The MNE-Python project provides a full tool stack for processing and visualizing electrophysiology data. That is, electroencephalography (EEG), magnetoencephalography but also intracranial EEG. MNE-R facilitates integrating this mature and extensive functionality into R-based data processing, visualization and statisticasl modeling. This is made possible through the reticulate package, which enables seamless integration of Python into R.

Currently, MNE-R is focussing on documenting how to use MNE-Python through R, based on familiar MNE-examples while also showcasing what R can add to the game in terms of statistics and visualization functionality.

In the future, more R-functions may be added that facilitate the interaction with MNE-Python or implement complementary functionality.

The project is open to contributions.

Getting Started

In order to use MNE-R, MNE-Python has to be installed with all its dependencies. Some configuration may be needed to make sure reticulate knows which Python installation to use. Please consider the reticulate and the MNE documentation. We generally recommend using the Anaconda Python distribution and Python 3 instead of Python 2.

For seamlessly combining R and Python code in one Rmarkdown script, the latest Rstudio 1.2 is needed.

Currently, MNE-R can be installed from github.


To get started, simply laod the mne library

library(mne)  # load mne and get the mne object
#> Importing MNE version=0.18.dev0, path='/Users/dengeman/github/mne-python/mne'

# the mne object wraps the loaded mne module inside Python
#>  [1] "AcqParserFIF"               "add_reference_channels"    
#>  [3] "add_source_space_distances" "annotations"               
#>  [5] "Annotations"                "apply_forward"             
#>  [7] "apply_forward_raw"          "average_forward_solutions" 
#>  [9] "BaseEpochs"                 "baseline"

# use dollar signs to access MNE modules, functions and objects
#> Get path to local copy of sample dataset.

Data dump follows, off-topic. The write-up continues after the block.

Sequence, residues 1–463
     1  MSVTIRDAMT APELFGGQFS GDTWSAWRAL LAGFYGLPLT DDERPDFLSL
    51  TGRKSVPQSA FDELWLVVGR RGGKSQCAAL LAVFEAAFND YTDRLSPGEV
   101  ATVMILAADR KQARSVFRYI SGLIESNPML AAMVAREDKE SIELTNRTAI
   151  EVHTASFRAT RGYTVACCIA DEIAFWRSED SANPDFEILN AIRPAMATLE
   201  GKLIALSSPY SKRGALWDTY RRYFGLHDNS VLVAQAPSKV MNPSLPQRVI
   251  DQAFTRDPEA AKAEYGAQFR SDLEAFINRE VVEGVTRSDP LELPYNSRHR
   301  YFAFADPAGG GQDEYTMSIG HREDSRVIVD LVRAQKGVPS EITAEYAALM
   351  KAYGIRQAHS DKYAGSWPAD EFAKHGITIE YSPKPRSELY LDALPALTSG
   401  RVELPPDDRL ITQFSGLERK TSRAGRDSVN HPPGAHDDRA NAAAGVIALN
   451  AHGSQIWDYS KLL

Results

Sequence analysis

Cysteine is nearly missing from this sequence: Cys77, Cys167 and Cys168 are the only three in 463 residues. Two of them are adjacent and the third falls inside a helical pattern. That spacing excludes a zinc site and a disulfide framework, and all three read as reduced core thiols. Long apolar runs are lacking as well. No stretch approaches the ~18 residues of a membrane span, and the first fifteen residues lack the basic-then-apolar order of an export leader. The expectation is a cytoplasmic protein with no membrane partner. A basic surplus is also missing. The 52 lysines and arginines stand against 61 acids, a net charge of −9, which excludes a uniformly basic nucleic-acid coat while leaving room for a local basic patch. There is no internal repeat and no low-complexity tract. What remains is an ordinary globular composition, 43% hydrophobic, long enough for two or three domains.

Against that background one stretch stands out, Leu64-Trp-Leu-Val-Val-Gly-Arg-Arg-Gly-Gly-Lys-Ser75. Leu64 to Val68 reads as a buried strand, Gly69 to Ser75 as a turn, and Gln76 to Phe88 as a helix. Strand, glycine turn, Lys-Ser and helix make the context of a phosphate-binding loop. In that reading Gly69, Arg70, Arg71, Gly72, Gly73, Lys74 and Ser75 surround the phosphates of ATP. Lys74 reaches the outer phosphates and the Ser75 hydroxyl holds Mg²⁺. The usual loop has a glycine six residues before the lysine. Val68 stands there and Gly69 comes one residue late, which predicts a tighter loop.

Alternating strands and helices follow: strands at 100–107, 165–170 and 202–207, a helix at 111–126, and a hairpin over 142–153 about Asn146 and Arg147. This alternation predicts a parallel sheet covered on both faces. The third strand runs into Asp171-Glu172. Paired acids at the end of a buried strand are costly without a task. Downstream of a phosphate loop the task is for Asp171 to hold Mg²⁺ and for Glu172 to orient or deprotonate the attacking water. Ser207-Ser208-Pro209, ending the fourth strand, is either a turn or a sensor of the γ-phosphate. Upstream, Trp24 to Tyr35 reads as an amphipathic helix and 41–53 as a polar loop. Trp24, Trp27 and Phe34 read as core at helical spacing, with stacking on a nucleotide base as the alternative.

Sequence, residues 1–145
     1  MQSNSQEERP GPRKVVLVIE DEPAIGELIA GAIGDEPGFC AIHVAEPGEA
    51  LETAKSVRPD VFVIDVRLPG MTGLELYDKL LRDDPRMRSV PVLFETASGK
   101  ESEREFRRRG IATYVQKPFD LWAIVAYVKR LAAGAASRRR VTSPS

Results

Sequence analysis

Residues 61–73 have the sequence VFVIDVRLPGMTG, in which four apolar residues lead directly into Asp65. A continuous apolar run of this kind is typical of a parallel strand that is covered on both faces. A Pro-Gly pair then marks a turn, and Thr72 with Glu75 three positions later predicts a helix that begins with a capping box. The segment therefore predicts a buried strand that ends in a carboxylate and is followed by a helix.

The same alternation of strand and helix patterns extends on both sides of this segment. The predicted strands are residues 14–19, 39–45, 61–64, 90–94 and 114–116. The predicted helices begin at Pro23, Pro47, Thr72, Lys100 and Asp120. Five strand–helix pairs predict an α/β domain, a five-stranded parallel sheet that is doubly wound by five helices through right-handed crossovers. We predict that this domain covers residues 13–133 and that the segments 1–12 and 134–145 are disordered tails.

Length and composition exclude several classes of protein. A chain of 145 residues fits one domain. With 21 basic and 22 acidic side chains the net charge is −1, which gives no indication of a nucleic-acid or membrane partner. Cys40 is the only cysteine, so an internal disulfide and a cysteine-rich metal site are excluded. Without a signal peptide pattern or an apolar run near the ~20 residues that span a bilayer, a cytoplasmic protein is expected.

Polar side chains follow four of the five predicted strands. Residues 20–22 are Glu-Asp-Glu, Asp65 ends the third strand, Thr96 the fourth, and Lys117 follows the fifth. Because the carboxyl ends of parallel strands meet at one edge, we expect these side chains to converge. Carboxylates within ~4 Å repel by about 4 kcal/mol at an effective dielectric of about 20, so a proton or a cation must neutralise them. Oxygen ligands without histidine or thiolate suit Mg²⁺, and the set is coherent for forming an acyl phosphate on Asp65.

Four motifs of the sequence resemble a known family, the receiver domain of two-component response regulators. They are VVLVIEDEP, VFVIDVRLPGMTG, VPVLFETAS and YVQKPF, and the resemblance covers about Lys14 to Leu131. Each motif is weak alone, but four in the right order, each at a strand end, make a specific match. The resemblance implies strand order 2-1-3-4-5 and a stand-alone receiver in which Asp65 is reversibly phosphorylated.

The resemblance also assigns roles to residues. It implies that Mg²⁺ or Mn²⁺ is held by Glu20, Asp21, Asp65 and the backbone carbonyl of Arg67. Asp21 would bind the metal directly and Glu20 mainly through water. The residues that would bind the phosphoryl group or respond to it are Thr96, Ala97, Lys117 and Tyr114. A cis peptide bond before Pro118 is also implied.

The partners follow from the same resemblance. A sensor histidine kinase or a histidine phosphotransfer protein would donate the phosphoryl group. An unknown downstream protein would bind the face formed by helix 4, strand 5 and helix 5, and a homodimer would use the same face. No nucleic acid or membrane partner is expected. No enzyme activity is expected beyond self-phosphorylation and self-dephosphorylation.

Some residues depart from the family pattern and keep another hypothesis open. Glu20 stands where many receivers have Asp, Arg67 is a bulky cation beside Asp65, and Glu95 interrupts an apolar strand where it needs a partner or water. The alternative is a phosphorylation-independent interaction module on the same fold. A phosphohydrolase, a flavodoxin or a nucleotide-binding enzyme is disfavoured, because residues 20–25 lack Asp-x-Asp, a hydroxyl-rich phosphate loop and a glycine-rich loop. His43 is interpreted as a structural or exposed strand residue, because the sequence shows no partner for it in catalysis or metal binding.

#>     Parameters
#>     ----------
#>     path : None | str
#>         Location of where to look for the sample dataset.
#>         If None, the environment variable or config parameter
#>         ``MNE_DATASETS_SAMPLE_PATH`` is used. If it doesn't exist, the
#>         "~/mne_data" directory is used. If the sample dataset
#>         is not found under the given path, the data
#>         will be automatically downloaded to the specified folder.
#>     force_update : bool
#>         Force update of the sample dataset even if a local copy exists.
#>     update_path : bool | None
#>         If True, set the ``MNE_DATASETS_SAMPLE_PATH`` in mne-python
#>         config to the given path. If None, the user is prompted.
#>     download : bool
#>         If False and the sample dataset has not been downloaded yet,
#>         it will not be downloaded and the path will be returned as
#>         '' (empty string). This is mostly used for debugging purposes
#>         and can be safely ignored by most users.
#>     verbose : bool, str, int, or None
#>         If not None, override default verbose level (see :func:`mne.verbose`
#>         and :ref:`Logging documentation <tut_logging>` for more).
#>     Returns
#>     -------
#>     path : str
#>         Path to sample dataset directory.

Troubleshooting and known issues.

  • If knitting Python chunks inside Rmarkdown fails, it is most likely a problem of telling reticulate which Python interpreter to use. To use the recommended Python 3 from Aanaconda, assuming it is installed, you can include this line in your .bashrc (Linux) or .bash_profile (Mac):
  • Also make sure your Python installation is ok. If you cannot run the Python code of interest using the Python interpreter, the problem is there. For exampple, make sure that inside the Python interpreter importing mne works.

This should not give you any error message.

  • For optimal Python and reticulate support in Rstudio, make sure you have the latest version of Rstudio.

  • Currently, when making matplotlib figures from within R, the resulting image will not be rendered inside the Rstudio Rmarkdown chunk. You will need to save, load and display the figure or explicitly, write Python code in a Python chunk, or explicitly make maptlotlib open a window:

  • Some of the examples may depend on the latest MNE-Python code. We will try to provide patches little by little in MNE-Python or here.

  • Currently, if 32-bit and 64-bit versions of R are installed, it seems devtools tries to build for both of them. This yields a loading failed for 'i386' error. To force building the package for your currently running R version use the INSTALL_opts argument of install_github:

devtools::install_github("mne-tools/mne-r", INSTALL_opts=c("--no-multiarch"))


  1. Add many vignettes and examples
  2. Find common inconvenient steps and add convenience R functions
  3. Motivate contributed examples and code from the R-EEG community
  4. Add advanced content that leverages functionality unique to R